CASTRO VALLEY — Assemblymember Mary Hayashi (D-Hayward) has declared her candidacy for the Alameda County Board of Supervisors.
Hayashi represents the 18th Assembly District, which includes San Leandro, Hayward and Dublin. The first Korean American woman elected to the California State Legislature, she was elected in 2006, 2008 and 2010 and is now termed out.
The vacancy on the Board of Supervisors was left by Nadia Lockyer, who recently resigned because of personal issues. The wife of State Treasurer Bill Lockyer, she made headlines last February when she said she had been assaulted in a Newark hotel room by a former boyfriend whom she had met while in rehab. A sex tape of the supervisor and the boyfriend later surfaced. Bill Lockyer has since filed for divorce.
Former Union City Councilmember Richard Valle is serving as supervisor on an interim basis and will run for the seat in November. Union City Mayor Mark Green is also a candidate.
Hayashi has been dogged by a scandal of her own, though it seems tame compared to Lockyer’s. In October 2011, she was arrested for shoplifting after walking out Neiman Marcus in San Francisco’s Union Square with $2,450 worth of clothes. She said she had planned to pay for the items but was distracted by a phone call. Her attorney also said that she might have been affected by a benign brain tumor, but Hayashi later said that was not a factor.
In January, Hayashi pleaded no contest to misdemeanor grand theft, reduced by the judge from felony grand theft, was sentenced to three years of probation and a fine of $180, and was ordered to stay away from the store. A felony conviction would have prevented her from chairing any Assembly committees.
In an interview last month with The Marin Independent Journal, Hayashi discussed the incident. “My opponents may use the issue to try to smear me, but I trust the voters to be smarter than that … The world doesn’t end when you make a personal mistake. People still need help … and I haven’t missed a single day of work.”
Hayashi has kept busy. Last month she hosted the Senior Health Fair and the Pet Health and Safety Fair, and visited Washington, D.C. as part of an Assembly delegation to advocate for more federal resources.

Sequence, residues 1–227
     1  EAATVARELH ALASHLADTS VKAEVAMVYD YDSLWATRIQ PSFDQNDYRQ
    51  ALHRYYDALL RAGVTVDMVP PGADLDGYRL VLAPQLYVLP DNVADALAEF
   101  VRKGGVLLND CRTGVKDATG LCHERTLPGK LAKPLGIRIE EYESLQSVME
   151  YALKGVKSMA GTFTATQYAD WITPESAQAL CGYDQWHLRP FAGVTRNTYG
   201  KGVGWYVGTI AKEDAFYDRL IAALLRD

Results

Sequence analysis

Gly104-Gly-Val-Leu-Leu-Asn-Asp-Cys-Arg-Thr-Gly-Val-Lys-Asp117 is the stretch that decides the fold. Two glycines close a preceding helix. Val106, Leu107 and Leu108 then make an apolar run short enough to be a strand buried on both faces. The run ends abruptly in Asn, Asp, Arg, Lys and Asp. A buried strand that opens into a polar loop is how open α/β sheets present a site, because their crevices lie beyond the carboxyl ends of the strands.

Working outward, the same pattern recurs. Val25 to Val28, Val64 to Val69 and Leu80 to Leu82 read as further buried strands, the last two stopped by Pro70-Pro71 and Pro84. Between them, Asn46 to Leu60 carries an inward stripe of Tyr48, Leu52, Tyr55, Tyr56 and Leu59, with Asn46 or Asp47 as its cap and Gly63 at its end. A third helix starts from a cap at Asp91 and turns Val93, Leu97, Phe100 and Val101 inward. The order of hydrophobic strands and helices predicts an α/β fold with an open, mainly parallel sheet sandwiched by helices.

On Aug. 6, Hayashi adjourned a legislative session in memory of the shooting victims at the Sikh temple in Wisconsin, noting that one of them was the cousin of Hayward’s Sikh temple priest, Charnjit Singh, who received the news before Sunday services. “With courage and strength, he led and comforted his congregation as they all waited for more information, and prayed for friends and families in preparation for the heart-breaking details,” she said.
Hayashi serves as chair of the Assembly Committee on Business, Professions and Consumer Protection, and a member of the Assembly Health Committee and the Assembly Insurance Committee. She is also chair of the Assembly Select Committee on Community Colleges and vice chair of the Asian Pacific Islander Legislative Caucus.
Among her bills that have been signed into law is AB 25, a concussion safety bill that placed California alongside Washington as the states with the toughest return-to-play laws for student athletes. She authored AB 509, which served as the catalyst for establishing California’s first Office of Suicide Prevention, and AB 142 to help increase funding for schools through changes to the California State Lottery.
“I have been honored to serve our diverse families and communities in the State Legislature,” Hayashi said. “With an overall goal of making a better future for California, I have authored legislation to protect seniors, promote children’s health, and support public education.”
She served as the Alameda County coordinator in the successful campaign to pass Proposition 63, which provides increased funding for a broad prevention, early intervention, and treatment services in county and statewide mental health programs.
Hayashi is an executive committee member of the National Action Alliance for Suicide Prevention and has served as California director of the American Public Health Association, a member of the California Board of Registered Nursing, chair of the Planned Parenthood Golden Gate Political Action Committee, and board member of the National Breast Cancer Coalition and Girls Inc. of Alameda County, among other organizations. She is also the author of “Far From Home: Shattering the Myth of the Model Minority.”
She is married to Alameda County Superior Court Judge Dennis Hayashi, who was a member of Fred Korematsu’s legal team in the 1980s.